Top Priority: The Terror Within
Top Priority: The Terror Within raises figurative red flags almost immediately, not all of them intentional. Asif Akbar's documentary on filmmaker-turned-whistle-blower Julia Davis boasts a TV-movie aesthetic, clearly born of a shoestring budget that too often distracts from the core story instead of enhancing it. Time-lapse footage of traffic, superimposed crosshairs, and an inexplicable number of stock footage helicopters are all weirdly prevalent; by the time a self-serious narrator announces, “A tale like this just can't be real—but it is,” it's clear that something foul is afoot besides the genuinely troubling story. Eventually, the film settles down enough to let the facts stand: Davis, a former Customs and Border Protection officer, discovered and revealed the unlawful entry of 23 illegal aliens from unfriendly countries into the United States and was promptly forced to resign, had her home raided, and was made the subject of as many as 54 separate federal investigations. (There's also a pretty significant connection to Brittany Murphy, if this doesn't already sound sordid enough.) It's during this lucid (which is to say unadorned) interval that Top Priority makes its strongest points, most of them relating to absurdities carried out under the guise of the Patriot Act. There's little doubt that, like Davis, Akbar's intent was to bring important truths to light, even if he and his team sometimes lack the wherewithal to do so in an evenhanded way. This is a story worth telling—unfortunate, then, that it isn’t told better.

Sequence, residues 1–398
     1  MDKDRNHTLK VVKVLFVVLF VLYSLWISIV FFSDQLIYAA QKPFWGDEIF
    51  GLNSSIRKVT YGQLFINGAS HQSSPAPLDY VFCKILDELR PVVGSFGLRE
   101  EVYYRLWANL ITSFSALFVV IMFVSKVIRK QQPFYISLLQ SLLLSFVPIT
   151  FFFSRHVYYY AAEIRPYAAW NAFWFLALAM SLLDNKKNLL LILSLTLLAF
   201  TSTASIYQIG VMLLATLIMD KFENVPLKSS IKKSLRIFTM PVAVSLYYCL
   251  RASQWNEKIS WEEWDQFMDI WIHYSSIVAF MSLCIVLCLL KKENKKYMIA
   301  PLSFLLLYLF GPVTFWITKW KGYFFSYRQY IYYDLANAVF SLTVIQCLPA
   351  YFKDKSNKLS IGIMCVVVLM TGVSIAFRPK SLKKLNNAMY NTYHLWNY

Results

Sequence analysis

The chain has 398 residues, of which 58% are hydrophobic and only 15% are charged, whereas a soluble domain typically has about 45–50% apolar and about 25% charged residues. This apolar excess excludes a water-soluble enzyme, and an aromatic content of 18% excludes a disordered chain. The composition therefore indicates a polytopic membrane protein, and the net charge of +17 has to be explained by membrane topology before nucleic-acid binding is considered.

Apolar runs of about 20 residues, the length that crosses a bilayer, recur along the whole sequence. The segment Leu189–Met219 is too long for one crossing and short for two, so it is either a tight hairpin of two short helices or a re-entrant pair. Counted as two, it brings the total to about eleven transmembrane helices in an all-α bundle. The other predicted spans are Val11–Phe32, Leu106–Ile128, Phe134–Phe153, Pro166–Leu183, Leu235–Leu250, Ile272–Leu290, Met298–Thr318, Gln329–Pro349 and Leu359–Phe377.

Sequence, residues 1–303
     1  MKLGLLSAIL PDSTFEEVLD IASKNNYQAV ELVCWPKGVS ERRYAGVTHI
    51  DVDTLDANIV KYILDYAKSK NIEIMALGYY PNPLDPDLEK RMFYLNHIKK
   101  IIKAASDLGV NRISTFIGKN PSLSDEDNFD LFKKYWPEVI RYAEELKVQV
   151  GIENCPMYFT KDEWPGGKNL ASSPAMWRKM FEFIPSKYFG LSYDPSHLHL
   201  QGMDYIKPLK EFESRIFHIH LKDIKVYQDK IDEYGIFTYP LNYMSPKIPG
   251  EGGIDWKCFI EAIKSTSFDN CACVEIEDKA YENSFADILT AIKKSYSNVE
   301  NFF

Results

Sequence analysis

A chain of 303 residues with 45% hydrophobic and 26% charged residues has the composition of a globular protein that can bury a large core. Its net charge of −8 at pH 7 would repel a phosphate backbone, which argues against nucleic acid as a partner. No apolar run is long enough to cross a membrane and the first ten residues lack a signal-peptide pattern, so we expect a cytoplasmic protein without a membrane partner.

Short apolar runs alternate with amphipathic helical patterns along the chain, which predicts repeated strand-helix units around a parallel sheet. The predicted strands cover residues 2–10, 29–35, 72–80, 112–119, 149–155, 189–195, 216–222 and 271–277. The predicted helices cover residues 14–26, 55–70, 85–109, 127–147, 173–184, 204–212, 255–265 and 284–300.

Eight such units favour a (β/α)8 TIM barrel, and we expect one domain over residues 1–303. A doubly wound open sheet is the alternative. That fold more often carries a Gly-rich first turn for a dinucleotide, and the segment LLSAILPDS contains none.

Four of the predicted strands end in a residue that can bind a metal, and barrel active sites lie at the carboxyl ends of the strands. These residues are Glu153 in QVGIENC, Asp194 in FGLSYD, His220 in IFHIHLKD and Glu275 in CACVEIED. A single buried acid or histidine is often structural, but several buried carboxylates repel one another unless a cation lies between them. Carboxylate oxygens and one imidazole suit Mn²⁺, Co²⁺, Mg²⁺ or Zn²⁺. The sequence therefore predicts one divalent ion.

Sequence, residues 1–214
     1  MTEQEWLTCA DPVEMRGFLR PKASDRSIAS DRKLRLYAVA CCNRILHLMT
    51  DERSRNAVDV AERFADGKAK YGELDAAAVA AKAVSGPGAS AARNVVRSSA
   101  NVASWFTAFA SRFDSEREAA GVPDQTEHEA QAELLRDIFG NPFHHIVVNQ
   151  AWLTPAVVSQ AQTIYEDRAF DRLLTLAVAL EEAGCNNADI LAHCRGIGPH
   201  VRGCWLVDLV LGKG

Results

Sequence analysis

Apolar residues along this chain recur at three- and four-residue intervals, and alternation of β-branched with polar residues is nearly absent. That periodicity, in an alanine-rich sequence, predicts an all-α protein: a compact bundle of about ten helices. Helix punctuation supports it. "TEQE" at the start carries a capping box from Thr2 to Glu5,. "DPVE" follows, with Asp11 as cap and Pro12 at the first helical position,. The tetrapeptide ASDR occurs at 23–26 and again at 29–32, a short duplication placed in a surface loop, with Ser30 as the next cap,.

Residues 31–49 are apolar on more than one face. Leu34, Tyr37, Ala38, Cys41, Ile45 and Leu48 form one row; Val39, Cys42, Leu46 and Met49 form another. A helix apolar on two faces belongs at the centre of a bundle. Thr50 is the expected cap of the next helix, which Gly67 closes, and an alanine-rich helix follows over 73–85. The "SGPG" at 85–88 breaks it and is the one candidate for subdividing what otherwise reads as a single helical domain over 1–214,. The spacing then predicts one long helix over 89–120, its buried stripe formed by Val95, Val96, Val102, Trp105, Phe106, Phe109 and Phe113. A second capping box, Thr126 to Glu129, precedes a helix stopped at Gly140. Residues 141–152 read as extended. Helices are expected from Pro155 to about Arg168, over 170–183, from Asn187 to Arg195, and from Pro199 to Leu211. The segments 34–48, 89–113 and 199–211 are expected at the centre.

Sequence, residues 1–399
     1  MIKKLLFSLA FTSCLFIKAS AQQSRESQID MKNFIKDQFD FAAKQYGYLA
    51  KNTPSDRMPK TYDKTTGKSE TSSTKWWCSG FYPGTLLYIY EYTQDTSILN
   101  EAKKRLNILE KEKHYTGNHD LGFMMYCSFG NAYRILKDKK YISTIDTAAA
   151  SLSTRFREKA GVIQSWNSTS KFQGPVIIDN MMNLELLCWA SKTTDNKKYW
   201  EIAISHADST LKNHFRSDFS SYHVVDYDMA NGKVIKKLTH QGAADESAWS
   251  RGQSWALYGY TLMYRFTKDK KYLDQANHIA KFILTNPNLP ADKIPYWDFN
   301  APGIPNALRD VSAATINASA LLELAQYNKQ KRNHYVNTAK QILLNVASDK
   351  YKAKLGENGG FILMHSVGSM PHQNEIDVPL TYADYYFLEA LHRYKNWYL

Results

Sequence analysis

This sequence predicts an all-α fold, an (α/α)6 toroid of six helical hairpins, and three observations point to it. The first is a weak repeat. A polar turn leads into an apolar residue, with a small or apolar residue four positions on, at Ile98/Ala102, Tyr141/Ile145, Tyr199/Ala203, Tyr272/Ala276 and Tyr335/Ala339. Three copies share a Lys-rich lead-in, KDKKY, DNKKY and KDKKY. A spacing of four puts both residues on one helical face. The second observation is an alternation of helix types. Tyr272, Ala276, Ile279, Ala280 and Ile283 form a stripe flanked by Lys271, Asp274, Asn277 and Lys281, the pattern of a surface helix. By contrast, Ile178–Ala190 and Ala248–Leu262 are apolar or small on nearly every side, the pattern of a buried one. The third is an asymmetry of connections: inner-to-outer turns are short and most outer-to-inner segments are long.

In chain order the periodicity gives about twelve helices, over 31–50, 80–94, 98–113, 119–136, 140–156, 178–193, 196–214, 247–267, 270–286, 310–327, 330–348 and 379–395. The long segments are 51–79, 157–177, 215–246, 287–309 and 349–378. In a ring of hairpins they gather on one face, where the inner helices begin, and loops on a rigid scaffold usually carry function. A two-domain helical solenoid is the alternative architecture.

Get the Film & TV Newsletter
Stay up to date on the best new movies with our critics' latest reviews, interviews and trailers for the films coming to a theater near you each week.
More Film News
- Scott Adkins Plays a Badass Actually Named ‘Colt McReady’ In the Effective ‘Close Range’
- Meet the Pole Who Tried to Warn the World About the Holocaust in ‘Karski & the Lords...
- Jane Fonda Faced Down the Seventies and a Killer in Pakula’s Masterful ‘Klute’
- He’ll Get Your Head Shaking: Surveying the Start of Chung Mong-hong’s (Likely) Great...